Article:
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Anti-Curfew Protests Flare Up In The Netherlands

Protesters threw fireworks and rocks at police, damaged storefronts and looted stores during demonstrations on Monday in the Netherlands.
Marco De Swart
ANP/AFP via Getty Images
Protesters threw fireworks and rocks at police, damaged storefronts and looted stores during demonstrations on Monday in the Netherlands.

Dutch demonstrators again defied the country's new curfew to protest government restrictions aimed at stopping the spread of the coronavirus. Hundreds of people have been arrested in recent days as the protests turned violent with rioters attacking police.

Dutch Prime Minister Mark Rutte disputed the motivations of the rioters.

"What motivated these people has nothing to do with protesting," he told reporters Monday. "It's criminal violence and we will treat it as such."

Reports Monday of looted stores and street fires followed similar accounts from the weekend. Police reported that demonstrators threw fireworks and rocks at officers, who responded with force to dispel the groups in cities across the country including the capital, Amsterdam, as well as The Hague and Rotterdam.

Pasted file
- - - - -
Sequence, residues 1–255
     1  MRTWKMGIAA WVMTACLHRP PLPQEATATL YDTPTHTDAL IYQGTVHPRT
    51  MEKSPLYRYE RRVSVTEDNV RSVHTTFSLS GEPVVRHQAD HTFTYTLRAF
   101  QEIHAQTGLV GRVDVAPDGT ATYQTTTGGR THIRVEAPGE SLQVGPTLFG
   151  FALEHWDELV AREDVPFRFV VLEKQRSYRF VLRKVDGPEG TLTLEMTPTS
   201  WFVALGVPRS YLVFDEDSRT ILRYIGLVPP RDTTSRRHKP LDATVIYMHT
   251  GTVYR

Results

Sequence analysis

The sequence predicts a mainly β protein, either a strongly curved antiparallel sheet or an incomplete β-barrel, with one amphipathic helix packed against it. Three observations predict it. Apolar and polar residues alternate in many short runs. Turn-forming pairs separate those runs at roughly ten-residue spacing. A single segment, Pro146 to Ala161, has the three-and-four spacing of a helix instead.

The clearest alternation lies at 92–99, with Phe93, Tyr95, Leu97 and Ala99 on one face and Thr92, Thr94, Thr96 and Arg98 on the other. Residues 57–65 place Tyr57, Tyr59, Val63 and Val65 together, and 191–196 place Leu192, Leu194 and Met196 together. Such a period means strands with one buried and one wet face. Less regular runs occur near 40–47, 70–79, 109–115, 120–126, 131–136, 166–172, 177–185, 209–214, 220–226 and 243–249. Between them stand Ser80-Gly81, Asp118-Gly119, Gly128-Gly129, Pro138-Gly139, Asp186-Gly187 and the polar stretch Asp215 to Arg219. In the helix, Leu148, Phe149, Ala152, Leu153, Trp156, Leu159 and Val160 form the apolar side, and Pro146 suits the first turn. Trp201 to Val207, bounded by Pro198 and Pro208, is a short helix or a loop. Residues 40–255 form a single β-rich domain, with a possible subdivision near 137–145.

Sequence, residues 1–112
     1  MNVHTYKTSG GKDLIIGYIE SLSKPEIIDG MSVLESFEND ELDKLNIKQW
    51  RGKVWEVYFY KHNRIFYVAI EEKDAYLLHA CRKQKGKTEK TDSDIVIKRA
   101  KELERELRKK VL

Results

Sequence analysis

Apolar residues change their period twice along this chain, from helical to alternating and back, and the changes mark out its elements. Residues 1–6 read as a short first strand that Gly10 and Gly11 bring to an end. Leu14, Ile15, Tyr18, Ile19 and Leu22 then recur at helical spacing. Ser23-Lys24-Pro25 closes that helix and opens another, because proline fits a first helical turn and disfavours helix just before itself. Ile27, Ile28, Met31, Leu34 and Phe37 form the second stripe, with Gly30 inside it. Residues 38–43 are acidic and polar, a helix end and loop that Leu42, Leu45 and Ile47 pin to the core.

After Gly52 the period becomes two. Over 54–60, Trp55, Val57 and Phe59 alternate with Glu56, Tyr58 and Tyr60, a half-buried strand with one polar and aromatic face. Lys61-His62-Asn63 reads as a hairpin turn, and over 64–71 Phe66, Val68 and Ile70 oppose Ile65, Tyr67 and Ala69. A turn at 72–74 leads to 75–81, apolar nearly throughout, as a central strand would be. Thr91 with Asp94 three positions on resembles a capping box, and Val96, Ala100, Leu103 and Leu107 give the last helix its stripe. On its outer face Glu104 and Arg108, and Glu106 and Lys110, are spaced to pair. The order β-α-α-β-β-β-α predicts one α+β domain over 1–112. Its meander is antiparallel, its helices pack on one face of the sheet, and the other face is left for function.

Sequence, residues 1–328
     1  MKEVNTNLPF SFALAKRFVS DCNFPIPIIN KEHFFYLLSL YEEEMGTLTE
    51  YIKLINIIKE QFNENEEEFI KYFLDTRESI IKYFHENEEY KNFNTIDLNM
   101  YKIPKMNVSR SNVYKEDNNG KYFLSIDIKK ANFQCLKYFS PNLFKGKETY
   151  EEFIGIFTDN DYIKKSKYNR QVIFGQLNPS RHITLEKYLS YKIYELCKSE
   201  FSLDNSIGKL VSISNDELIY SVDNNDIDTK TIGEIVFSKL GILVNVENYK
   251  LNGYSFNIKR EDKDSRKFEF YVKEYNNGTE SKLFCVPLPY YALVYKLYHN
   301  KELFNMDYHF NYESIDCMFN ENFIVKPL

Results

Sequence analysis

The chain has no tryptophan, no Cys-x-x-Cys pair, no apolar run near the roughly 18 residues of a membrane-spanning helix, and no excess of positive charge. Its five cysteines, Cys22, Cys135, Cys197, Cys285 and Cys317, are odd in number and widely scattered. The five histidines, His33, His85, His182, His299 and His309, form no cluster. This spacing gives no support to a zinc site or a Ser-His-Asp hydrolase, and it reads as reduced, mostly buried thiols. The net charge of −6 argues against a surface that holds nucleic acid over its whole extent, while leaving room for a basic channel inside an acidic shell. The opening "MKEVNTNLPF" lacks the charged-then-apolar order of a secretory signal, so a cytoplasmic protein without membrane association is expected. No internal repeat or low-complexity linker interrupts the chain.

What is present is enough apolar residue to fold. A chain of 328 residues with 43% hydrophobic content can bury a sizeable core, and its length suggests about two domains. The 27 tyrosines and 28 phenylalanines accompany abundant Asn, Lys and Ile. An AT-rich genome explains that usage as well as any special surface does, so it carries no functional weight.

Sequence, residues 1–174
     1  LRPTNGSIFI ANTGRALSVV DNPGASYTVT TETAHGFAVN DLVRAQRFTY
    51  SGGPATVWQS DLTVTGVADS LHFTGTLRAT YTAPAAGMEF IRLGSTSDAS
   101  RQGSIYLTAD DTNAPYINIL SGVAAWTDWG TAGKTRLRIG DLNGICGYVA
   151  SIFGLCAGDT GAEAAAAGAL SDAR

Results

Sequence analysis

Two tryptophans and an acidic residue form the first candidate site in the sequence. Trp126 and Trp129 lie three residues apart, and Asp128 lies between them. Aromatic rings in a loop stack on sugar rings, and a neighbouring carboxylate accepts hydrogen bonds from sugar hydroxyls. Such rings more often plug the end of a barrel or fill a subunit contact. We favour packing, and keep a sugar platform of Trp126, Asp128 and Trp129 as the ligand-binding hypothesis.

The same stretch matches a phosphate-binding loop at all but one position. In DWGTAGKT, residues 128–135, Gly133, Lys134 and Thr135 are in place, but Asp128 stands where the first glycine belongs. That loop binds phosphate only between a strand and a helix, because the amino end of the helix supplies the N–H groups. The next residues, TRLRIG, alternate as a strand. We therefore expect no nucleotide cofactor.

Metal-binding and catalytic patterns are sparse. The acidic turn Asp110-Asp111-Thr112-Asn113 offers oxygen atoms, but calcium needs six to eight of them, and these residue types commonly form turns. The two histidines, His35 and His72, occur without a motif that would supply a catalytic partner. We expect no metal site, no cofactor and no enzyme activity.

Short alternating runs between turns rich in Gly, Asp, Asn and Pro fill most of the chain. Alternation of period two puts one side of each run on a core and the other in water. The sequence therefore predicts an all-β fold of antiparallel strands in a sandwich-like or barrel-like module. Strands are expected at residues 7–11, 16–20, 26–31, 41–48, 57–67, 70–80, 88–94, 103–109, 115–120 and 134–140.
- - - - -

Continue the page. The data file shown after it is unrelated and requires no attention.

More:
Police and local media report that at least 150 people were arrested in the latest flare-up. Fires were lit on the streets of The Hague, and bicycles were again used to build barricades and then lit on fire or simply thrown at police.

In Rotterdam, police again used water cannons and tear gas to dispel crowds. Mayor Ahmed Aboutaleb issued an emergency order Monday evening instructing residents in the town center to leave the area. He told reporters that at least 300 people took part in the demonstration.

Aboutaleb called protesters "a bunch of looters and thieves," according to local media reports.

Criminal investigation

Police in The Hague have opened an investigation. They said more than 200 people defied the 9 p.m. curfew after a call to demonstrate circulated on social media.

Officers were reportedly pelted with fireworks and stones and two cars were set on fire.

Much of the clash was filmed, photographed and posted online. Police in The Hague say they are looking at those photos and videos of the chaos as evidence to help identify participants.

Bars and restaurants in the country have been closed since October. Schools and nonessential shops were shut last month in an attempt to mitigate further spread of the virus.

At least 13,686 people in the Netherlands have died from the coronavirus as of Monday night, according to Johns Hopkins University's Coronavirus Resource Center tracking global infection and death rates from the virus. There are more than 966,000 confirmed infections in the country.

Copyright 2021 NPR. To see more, visit https://www.npr.org.

Jaclyn Diaz is a reporter on Newshub.
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